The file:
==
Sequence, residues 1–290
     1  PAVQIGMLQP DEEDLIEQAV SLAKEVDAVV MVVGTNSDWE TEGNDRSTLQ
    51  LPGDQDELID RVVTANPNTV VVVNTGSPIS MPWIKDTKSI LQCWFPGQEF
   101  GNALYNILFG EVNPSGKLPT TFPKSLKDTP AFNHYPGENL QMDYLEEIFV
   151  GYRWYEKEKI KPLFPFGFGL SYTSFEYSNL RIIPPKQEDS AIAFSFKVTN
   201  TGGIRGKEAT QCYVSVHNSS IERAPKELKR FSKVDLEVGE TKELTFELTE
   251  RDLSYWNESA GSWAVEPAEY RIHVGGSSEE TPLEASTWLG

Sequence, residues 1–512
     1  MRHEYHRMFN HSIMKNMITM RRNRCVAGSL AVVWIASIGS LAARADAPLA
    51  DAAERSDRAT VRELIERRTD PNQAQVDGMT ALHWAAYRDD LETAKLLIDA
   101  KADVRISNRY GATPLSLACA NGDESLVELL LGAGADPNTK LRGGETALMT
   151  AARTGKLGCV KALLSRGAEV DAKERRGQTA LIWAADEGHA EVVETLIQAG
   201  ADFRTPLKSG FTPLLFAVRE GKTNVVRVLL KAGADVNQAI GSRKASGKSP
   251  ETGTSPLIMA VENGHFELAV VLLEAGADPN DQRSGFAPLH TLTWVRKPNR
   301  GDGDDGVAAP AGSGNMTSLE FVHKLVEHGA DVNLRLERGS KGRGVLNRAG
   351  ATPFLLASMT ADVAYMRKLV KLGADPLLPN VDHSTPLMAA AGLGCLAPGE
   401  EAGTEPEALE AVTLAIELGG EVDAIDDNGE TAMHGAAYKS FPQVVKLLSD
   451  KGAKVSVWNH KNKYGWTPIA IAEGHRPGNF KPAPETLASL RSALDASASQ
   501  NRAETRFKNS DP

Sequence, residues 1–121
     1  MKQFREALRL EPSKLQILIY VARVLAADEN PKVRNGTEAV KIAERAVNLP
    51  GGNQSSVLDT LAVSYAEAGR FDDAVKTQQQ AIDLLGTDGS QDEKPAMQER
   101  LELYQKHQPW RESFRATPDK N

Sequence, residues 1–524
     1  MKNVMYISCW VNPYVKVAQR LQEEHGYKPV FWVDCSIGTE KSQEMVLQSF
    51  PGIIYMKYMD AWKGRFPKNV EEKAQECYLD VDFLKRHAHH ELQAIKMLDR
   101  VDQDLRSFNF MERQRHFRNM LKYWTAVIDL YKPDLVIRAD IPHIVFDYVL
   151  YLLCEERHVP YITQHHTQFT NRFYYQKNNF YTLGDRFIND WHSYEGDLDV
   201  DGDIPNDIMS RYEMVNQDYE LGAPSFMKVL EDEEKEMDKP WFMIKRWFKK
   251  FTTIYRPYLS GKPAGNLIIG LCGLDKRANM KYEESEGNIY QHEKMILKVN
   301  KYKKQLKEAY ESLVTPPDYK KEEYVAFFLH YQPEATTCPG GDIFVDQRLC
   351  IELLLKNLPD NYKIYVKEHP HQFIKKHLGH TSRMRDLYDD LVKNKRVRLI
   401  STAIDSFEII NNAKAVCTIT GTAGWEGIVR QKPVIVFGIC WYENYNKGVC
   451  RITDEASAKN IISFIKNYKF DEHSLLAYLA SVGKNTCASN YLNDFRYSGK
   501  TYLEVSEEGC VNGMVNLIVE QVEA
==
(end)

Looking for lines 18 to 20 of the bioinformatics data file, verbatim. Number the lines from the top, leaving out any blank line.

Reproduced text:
   451  KGAKVSVWNH KNKYGWTPIA IAEGHRPGNF KPAPETLASL RSALDASASQ
   501  NRAETRFKNS DP

Sequence, residues 1–121